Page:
Invasive Burmese pythons could find comfortable climatic conditions in roughly one third of the United States according to new "climate maps" developed by FORT scientists. Although other factors such as type of food available and suitable shelter also play a role, Burmese pythons and other giant constrictor snakes have shown themselves to be highly adaptable to new environments. Biologists with Everglades National Park confirmed a breeding population of Burmese python in the Florida Everglades in 2003, presumably the result of released pets. Python populations have since been discovered in Big Cypress National Preserve, Miamiís water management areas, Key Largo, and many state parks, municipalities, and public and private lands in the region. The just-released USGS maps can help natural resource agencies manage and possibly control the spread of non-native giant constrictor snakes such as the Burmese python. FORT researchers are also conducting a risk assessment for nine species of giant constrictors (including boa constrictors and yellow anacondas) that are prevalent in the pet trade and as such, potential invaders in the United States. Due to be completed by early 2009, the assessment evaluates the risk of invasion for these species and the potential for social, economic, and environmental impacts.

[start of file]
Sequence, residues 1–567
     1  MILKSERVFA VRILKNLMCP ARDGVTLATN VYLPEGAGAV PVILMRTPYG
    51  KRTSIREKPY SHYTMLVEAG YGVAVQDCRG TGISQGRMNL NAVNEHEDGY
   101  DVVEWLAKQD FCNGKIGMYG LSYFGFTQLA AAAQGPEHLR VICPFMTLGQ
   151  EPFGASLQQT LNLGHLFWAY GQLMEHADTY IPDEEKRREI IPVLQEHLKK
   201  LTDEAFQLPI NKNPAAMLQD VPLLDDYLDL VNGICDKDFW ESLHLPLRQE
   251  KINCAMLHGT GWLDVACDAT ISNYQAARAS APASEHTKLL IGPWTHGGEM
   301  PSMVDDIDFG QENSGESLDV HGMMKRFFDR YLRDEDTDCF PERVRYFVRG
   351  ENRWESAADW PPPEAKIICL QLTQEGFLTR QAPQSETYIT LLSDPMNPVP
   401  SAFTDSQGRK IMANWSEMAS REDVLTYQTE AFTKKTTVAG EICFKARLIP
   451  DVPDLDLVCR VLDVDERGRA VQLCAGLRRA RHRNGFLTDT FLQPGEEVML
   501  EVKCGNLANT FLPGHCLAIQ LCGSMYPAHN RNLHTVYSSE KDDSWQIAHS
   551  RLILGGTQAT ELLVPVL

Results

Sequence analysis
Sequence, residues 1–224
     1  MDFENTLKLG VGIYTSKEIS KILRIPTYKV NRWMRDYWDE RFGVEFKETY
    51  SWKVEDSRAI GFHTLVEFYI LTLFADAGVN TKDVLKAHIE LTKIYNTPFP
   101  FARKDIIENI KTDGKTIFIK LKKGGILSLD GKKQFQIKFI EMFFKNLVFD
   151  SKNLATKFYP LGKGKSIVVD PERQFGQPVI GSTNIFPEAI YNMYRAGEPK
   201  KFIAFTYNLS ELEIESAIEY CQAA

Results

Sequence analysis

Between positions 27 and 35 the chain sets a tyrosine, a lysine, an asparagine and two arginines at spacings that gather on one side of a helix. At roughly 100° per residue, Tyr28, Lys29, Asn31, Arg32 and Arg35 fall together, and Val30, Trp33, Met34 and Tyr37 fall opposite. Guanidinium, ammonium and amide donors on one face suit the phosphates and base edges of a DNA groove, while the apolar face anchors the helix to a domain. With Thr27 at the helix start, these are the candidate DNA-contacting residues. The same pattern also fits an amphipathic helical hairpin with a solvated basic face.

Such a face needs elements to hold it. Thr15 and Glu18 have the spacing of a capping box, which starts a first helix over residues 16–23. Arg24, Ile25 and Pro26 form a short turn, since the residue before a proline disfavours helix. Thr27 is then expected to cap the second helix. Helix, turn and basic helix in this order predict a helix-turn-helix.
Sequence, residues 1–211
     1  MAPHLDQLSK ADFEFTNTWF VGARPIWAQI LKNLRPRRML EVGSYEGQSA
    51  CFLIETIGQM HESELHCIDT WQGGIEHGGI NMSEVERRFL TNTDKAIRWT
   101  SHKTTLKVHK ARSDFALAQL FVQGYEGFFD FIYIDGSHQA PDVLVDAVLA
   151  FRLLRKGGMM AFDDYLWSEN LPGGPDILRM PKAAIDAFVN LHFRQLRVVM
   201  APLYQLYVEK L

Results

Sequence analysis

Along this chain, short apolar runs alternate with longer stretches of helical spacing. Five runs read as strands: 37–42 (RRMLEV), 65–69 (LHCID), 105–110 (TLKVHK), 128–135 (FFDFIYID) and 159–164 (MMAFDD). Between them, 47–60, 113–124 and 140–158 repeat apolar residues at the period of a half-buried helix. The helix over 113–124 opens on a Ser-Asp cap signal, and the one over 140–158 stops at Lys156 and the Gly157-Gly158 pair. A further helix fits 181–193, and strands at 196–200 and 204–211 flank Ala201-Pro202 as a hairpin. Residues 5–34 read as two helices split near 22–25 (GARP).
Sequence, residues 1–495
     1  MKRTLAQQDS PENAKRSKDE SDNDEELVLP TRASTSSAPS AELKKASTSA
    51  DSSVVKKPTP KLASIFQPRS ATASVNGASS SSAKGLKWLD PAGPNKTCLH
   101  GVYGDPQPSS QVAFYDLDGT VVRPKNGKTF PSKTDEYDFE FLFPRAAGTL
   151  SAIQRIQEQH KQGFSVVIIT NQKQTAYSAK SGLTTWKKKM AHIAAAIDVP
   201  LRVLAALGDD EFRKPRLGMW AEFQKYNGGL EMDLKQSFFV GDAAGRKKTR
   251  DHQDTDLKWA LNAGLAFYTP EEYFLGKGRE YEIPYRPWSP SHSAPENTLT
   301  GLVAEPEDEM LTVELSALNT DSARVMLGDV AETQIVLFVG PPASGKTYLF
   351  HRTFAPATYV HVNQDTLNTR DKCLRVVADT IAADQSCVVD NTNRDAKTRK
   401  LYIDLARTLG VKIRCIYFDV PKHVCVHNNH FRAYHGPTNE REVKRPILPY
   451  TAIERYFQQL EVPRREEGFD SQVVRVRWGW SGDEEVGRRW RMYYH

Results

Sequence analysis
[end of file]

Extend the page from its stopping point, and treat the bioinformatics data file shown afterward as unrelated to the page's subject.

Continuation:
For more information contact: Gordon Rodda
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